‘Victoria’ is a sanitized look at British monarch
“Victoria on Masterpiece” 8 p.m. Sunday on PBS
What it’s about: As the second season gets underway, Queen Victoria (Jenna Coleman) is anxious to get back to work after the birth of her first child (also named Victoria). Prince Albert (Tom Hughes) wants to inspect his regiment, and Victoria wants to as well: “It may be your regiment, Albert, but it is my army.” Meanwhile, Prime Minister Peel’s (Nigel Lindsay) war in Afghanistan is going poorly.
Diana Rigg — as the Duchess of Buccleuch — joins the cast of this hit, which was created and written by Daisy Goodwin.
My say: The British queen wrote millions of words about her everyday world, but posterity ignored most of them by turning her into a frumpy moralist in a bonnet. Revisionism is now well underway. Goodwin’s bestselling novel on the young Victoria was followed by Julia Baird’s “intimate” biography last fall, which coincided with this ITV production adapted from Goodwin’s book.
This season, Coleman’s young monarch remains passionate, stubborn and engaged. On Sunday, she wants to know what to do about Afghanistan. In next week’s episode, while looking out a window at hungry crowds jostling the palace gates, she doesn’t see subjects but fellow humans. She cries when her beloved dog dies. She gathers Albert in her warm embrace when personal tragedy strikes his family.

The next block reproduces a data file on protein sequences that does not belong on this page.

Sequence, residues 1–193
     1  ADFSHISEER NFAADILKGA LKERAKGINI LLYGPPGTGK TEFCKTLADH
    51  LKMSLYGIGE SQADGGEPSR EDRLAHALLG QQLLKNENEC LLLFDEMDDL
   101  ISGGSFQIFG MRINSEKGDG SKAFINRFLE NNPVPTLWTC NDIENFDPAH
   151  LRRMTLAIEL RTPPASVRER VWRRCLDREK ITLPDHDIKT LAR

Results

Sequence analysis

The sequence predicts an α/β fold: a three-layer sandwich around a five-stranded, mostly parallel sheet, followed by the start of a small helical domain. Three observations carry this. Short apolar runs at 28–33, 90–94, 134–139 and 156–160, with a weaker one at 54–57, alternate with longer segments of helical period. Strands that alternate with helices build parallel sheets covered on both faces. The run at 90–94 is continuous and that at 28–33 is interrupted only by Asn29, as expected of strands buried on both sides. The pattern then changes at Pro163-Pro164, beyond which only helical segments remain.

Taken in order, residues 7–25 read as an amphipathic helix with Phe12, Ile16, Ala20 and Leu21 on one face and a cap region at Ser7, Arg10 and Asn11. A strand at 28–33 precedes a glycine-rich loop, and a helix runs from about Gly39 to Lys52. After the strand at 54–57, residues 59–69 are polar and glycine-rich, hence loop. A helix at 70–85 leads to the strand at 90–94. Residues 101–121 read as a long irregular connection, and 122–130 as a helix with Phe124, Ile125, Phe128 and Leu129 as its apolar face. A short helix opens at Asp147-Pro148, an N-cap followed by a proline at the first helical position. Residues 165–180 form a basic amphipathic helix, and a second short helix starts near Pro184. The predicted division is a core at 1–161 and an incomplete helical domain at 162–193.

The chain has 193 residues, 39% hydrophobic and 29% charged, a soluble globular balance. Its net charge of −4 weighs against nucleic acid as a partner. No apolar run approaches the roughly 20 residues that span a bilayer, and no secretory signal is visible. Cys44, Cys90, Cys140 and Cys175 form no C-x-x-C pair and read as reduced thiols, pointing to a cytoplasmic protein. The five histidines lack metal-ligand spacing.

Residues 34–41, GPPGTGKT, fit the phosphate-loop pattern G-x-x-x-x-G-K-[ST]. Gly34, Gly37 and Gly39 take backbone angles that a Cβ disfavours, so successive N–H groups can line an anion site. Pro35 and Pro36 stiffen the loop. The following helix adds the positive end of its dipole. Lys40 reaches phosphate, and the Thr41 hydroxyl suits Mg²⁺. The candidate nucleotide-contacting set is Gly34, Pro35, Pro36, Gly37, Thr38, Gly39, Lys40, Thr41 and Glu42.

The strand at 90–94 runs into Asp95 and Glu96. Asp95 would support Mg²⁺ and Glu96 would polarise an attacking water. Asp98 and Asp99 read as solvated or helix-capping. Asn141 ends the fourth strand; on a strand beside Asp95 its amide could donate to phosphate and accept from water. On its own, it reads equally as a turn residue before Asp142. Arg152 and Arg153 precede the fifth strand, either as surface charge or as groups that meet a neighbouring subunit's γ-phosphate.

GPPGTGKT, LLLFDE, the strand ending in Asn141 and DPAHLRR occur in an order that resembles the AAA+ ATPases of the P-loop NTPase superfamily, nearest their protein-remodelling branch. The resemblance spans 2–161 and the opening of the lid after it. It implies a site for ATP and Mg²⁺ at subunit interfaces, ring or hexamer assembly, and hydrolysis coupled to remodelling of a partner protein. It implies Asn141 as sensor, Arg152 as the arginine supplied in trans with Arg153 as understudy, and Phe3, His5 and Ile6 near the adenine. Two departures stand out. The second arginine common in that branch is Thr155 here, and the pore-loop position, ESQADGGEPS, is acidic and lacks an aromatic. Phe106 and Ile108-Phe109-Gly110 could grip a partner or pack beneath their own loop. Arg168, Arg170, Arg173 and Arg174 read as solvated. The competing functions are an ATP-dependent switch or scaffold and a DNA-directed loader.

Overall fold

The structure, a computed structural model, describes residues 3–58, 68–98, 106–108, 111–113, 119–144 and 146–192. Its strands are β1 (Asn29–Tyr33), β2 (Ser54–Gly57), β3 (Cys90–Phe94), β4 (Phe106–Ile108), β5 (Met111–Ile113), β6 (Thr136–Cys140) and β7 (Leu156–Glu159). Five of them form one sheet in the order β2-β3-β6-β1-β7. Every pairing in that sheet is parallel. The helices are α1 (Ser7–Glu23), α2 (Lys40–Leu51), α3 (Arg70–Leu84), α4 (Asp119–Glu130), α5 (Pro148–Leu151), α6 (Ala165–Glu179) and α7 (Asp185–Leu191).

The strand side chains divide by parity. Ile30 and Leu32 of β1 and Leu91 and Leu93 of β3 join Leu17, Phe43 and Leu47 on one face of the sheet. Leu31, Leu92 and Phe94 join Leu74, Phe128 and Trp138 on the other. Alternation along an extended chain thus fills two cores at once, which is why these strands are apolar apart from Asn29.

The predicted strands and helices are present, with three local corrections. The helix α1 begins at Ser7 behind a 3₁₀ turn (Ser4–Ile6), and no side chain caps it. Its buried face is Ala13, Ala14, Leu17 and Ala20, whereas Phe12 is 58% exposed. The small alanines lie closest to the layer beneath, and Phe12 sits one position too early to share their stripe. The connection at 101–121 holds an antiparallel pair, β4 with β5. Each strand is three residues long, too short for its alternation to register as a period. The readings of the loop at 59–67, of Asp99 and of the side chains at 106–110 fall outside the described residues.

She’s not just a queen. She’s a saint, and that’s sometimes a problem with this well-meaning portrait that refuses to throw a little shade at Victoria now and then. Baird writes in her biography (“Victoria the Queen”) that she “was a decisive ruler who complained of the weight of her work while bossing around her prime ministers daily, if not hourly.”
In its zeal to correct the badly flawed record, “Victoria” may have overcorrected. As good as Coleman is, there’s not much mystery in her portrait, and not many questions either. How did Victoria ultimately become the most powerful person on the planet over the course of nearly a century?
Jenna Coleman as the titular character in PBS’ “Victoria on Masterpiece.”